Services SETA corruption hits jobless youth
OUTA exposes a R162m SETA contract that appears to be structured to loot funds intended to help desperate job-seekers and young graduates
When SETAs waste money, learners lose out on jobs and training, and companies which pay Skills Development Levies are robbed of their payments
The Organisation Undoing Tax Abuse (OUTA) is concerned that the Services SETA is siphoning off funds for learners into corrupt contracts.
“It is sad when greed and corruption robs our youth of much-needed skills and opportunities, and corporates are robbed blind, compelled to pay skills levies that are siphoned off to satisfy the gluttony of a few,” says Dominique Msibi, OUTA’s Portfolio Manager for Special Projects.
OUTA has found that the Services SETA is running a 29-month contract worth at least R162 million for buying equipment which apparently hasn’t been delivered or doesn’t work and for paying learner stipends to bogus businesses. This amounts to fraud.
The contract is with a service provider which hides behind another company’s name and sends the payments offshore, apparently paying more to buy equipment than invoiced to the SETA.
This is based on an investigation by OUTA which received documents from by a whistleblower.
“One can only cringe at the brazenness and impunity of those who are entrusted with improving our unemployed youths’ chances at a better life. They must somehow believe that they are above the laws of our country,” says Msibi.
This information is being handed over to the Ministry of Higher Education and Training.
Services SETA signed a contract with Grayson Reed Consortium to provide 3 333 biometric units at R5000 each and to pay learner stipends at R121.67 each, until March 2020.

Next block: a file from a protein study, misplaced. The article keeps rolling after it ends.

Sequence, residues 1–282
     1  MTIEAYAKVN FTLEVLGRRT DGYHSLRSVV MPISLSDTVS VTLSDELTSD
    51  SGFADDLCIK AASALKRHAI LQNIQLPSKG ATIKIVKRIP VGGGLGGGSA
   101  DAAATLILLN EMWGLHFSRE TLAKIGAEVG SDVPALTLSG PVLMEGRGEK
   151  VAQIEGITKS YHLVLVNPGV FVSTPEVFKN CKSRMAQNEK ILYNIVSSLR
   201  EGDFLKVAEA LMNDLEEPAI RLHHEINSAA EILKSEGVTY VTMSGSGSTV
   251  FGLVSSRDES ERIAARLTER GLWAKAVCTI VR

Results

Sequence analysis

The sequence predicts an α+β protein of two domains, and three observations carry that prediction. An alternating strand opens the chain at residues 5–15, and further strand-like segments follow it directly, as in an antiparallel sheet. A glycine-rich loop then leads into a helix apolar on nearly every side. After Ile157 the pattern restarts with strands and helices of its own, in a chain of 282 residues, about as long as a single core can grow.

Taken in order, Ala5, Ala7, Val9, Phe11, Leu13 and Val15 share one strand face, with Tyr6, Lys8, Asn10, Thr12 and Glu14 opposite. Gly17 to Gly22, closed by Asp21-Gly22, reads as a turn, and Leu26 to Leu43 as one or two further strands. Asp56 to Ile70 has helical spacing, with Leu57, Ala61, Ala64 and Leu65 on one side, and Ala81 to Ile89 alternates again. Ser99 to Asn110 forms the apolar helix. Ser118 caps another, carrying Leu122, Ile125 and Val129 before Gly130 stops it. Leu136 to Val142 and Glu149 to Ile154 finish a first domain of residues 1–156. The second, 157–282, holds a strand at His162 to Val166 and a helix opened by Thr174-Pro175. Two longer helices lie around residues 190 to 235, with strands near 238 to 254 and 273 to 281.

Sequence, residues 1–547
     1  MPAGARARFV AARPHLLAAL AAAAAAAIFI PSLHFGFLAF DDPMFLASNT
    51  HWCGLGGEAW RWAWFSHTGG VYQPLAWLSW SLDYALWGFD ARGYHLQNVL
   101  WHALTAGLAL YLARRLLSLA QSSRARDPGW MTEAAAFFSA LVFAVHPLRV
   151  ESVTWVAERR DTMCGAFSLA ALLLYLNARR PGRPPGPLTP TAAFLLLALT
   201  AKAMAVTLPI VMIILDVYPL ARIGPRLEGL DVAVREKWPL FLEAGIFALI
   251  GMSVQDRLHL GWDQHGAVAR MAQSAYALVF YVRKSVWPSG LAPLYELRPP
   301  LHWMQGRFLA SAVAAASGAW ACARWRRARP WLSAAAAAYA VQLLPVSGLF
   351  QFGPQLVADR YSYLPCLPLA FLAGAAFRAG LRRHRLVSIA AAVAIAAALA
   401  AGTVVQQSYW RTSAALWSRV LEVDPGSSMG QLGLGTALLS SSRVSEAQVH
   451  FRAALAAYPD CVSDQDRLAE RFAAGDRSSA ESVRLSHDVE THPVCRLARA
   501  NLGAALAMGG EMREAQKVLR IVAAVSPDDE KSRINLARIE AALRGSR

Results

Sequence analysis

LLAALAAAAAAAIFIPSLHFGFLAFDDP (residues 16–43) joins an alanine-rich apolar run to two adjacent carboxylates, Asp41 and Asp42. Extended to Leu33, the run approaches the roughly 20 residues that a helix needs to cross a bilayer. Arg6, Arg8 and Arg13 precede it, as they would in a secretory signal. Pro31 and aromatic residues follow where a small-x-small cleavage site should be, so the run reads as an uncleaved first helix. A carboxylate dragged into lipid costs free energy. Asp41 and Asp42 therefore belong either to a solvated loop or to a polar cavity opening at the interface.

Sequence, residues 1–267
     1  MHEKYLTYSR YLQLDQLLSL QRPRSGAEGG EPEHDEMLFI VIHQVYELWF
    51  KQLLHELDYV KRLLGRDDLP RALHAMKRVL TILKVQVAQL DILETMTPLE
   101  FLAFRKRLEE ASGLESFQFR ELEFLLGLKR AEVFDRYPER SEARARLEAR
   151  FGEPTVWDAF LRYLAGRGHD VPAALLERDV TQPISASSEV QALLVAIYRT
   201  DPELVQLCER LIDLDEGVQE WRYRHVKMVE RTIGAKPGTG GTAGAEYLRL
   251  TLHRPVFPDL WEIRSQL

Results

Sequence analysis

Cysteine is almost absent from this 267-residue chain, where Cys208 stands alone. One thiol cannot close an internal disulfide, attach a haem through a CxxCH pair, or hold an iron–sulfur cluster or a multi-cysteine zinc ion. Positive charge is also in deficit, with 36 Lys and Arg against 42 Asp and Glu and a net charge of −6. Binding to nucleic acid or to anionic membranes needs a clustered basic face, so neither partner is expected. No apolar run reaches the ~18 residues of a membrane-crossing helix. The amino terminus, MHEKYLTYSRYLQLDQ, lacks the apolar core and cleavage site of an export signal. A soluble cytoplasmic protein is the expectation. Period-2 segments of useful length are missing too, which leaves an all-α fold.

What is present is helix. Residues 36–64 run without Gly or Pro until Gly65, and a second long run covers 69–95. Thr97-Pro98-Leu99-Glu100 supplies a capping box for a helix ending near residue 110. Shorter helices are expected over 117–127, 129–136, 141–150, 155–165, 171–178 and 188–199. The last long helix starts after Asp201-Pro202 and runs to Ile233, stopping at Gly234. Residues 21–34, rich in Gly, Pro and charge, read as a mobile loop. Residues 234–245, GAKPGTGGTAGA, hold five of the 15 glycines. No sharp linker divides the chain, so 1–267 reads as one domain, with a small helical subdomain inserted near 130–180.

Grayson Reed is not the business’s real name.
Learners struggle to get stipend payments as the biometric units either weren’t delivered or don’t work.
A list of payments to businesses for learner stipends appears to have been falsified, with unregistered businesses listed as recipients for huge amounts and figures that don’t make sense.
The Services SETA is paying stipends for 100 000 learners but its own records show it pays for a maximum of 28 715 learning opportunities a year, only 13 500 of these learnerships.
The details of the Services SETA deal with Grayson Reed
The contract: Why was it needed?
The contract is between the Services SETA and the Grayson Reed Consortium, for paying learner stipends and the provision of biometric units to track learner attendance. This contract arose from tender T434, started in November 2017 and runs until March 2020.
In terms of this, Grayson Reed sells the Services SETA 3 333 biometric units at R5 000 each, and charges R121.67 to make each monthly learner stipend payment for 100 000 learners (prices include VAT).
The tender was advertised only once in the Government Gazette, less than a week before the closing date. That advert failed to mention the biometric units.
Questions that arise:
(1) How did the Services SETA calculate the total of 3 333 biometric units?
(2) How did the Services SETA calculate the cost of distributing the learner stipends? Compare this to the South African Post Office charge of R13 to R51.77 to distribute each social grant each month.
(3) Why did the Services SETA need to hire a consultant which has just 12 fulltime and 10 part-time staff (according to the bid document) to administer learner stipends when this is a process which could easily have been managed in-house?
The contractor: Irregularities and an unregistered name
Grayson Reed is not a registered business but appears to act as a front to hide another company, Muroba Group Holdings (Pty) Ltd. Grayson Reed uses Muroba’s registration and VAT details. In some documents, Grayson Reed is listed as “Grayson Reed (Pty) Ltd” which is a clear attempt to make it appear that this is the registered name. While some documents claim Grayson Reed is Muroba’s trading name, this is not backed up by clear use of both names in all the documents. This is in breach of the Companies Act, which states that a company must not “misstate its name or registration number in a manner likely to mislead or deceive”.